The DURATION-8 trial randomised 695 patients with type 2 diabetes to a combination of once-weekly GLP-1 agonist exenatide (Bydureon(R)) and the SGLT-2 inhibitor dapagliflozin (Farxiga(R)) vs. either drug as monotherapy for 28 weeks.
While the combination was superior in all diabetes-related end-points to monotherapy with either substance, I was particularly interested in also seeing superior weight loss with the combination.
Thus, overall patients on dual therapy with exenatide and dapagliflozin lost 3.41 kg vs. 1.54 kg and 2.19 kg on monotherapy, respectively.
However, participants with a baseline A1c between 8% and 9% appeared to experience a greater, more additive weight loss, with participants treated with both dapagliflozin and exenatide experiencing a mean weight loss of 4.5 kg weight reduction, compared to 1.9 kg with exenatide and 2.2 kg with dapagliflozin.
Importantly perhaps, adverse events occurred with approximately equal frequency in each group, suggesting that the combination was as well tolerated as either substance alone.
Again, it is important to note that this was a diabetes study in patients with diabetes and not a study designed to test the efficacy of this drug combination for weight loss, a study design that would have also included diet and exercise recommendations to maximise the effect of this combination.
As I have argued before, given the complexity of the body’s defence mechanisms against weight-loss, the future probably lies in the use of combination treatments for obesity (not unlike the widespread use of combination therapies for diabetes or hypertension).
Thus, it is certainly of interest to see that combining two drugs with different modes of action does indeed produce additive effects on body weight.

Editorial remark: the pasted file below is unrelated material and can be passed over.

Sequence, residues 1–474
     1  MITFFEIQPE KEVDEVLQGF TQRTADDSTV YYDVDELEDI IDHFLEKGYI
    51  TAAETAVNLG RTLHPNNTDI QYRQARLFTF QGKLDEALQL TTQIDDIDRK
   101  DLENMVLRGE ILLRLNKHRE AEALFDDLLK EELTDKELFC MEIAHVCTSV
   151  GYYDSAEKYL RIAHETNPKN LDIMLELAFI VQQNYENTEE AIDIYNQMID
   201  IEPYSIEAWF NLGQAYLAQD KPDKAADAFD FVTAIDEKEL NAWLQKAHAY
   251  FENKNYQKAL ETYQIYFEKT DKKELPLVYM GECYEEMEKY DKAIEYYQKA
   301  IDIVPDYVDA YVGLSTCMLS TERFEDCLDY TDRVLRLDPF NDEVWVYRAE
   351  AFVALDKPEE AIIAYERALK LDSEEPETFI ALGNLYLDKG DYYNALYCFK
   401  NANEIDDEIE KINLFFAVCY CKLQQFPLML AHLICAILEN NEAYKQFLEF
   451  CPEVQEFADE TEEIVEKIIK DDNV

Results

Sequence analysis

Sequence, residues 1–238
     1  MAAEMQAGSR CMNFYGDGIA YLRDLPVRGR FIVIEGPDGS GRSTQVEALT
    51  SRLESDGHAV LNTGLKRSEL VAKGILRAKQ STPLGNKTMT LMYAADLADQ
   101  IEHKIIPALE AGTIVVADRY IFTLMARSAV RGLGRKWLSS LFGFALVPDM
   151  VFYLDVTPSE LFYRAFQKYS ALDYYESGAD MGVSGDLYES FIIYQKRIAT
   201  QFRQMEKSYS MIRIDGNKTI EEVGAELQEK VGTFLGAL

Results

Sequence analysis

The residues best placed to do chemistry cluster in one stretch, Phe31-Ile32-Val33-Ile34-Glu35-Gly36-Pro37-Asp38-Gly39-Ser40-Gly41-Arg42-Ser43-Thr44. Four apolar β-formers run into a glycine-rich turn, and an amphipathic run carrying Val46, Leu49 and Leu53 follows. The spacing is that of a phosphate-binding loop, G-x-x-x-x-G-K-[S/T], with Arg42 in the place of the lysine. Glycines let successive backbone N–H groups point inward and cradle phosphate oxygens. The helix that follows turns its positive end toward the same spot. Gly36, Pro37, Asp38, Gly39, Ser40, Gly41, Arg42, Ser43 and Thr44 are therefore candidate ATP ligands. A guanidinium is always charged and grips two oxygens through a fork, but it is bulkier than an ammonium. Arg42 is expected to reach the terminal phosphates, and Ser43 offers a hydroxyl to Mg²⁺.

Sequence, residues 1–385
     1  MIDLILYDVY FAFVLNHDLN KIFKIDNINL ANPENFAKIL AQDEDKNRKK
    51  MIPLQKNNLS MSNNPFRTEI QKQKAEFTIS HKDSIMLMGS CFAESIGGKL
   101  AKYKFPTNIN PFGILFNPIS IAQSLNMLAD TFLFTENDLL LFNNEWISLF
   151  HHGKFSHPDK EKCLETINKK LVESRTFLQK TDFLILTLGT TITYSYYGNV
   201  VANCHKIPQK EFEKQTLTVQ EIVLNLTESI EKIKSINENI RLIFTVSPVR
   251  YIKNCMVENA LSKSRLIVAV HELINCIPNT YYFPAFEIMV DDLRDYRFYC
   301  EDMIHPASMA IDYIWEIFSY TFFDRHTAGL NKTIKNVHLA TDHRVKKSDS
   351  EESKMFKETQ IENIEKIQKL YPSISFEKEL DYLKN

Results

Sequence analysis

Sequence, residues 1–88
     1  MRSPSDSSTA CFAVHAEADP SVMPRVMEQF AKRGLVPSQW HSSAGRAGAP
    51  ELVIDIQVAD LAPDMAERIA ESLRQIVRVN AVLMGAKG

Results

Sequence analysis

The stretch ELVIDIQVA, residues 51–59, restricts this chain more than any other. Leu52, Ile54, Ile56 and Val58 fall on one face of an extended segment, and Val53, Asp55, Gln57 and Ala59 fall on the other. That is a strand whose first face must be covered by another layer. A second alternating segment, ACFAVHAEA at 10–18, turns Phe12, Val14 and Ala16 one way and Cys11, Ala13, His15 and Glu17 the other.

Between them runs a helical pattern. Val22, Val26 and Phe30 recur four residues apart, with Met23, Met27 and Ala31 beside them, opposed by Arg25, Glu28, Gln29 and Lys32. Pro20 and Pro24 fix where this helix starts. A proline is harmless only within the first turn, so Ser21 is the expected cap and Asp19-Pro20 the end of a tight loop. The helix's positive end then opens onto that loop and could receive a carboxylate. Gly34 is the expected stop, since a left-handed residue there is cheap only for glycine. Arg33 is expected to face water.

Disclaimer: I have received speaking honoraria from Astra Zeneca, the maker of dapagliflozin
Anyone who follows these pages is aware of the fact that we desperately lack better medical treatments for obesity.
Last year, Health Canada approved the glucagon-like peptide 1 (GLP-1) analogue liraglutide (Saxenda(R)) for obesity treatment, which although effective and generally well-tolerated, has to be administered by daily injections.
Now, the results of the SUSTAIN-6 trial, published in the New England Journal of Medicine, show that the once weekly injection of the GLP-1 analogue semaglutide, not only decreases cardiovascular events, but also significantly lowers body weight, a promising finding for future obesity treatment with this drug.
The SUSTAIN 6 trial randomised 3297 patients with type 2 diabetes to once-weekly semaglutide (0.5 mg or 1.0 mg) or placebo for 104 weeks.
At baseline, 2735 of the patients (83.0%) had established cardiovascular disease, chronic kidney disease, or both.
The primary outcome (MACE) occurred in 108 of 1648 patients (6.6%) in the semaglutide group and in 146 of 1649 patients (8.9%) in the placebo group (hazard ratio, 0.74).
Nonfatal myocardial infarction occurred in 2.9% of the patients receiving semaglutide and in 3.9% of those receiving placebo (hazard ratio, 0.74); nonfatal stroke occurred in 1.6% and 2.7%, (hazard ratio, 0.61).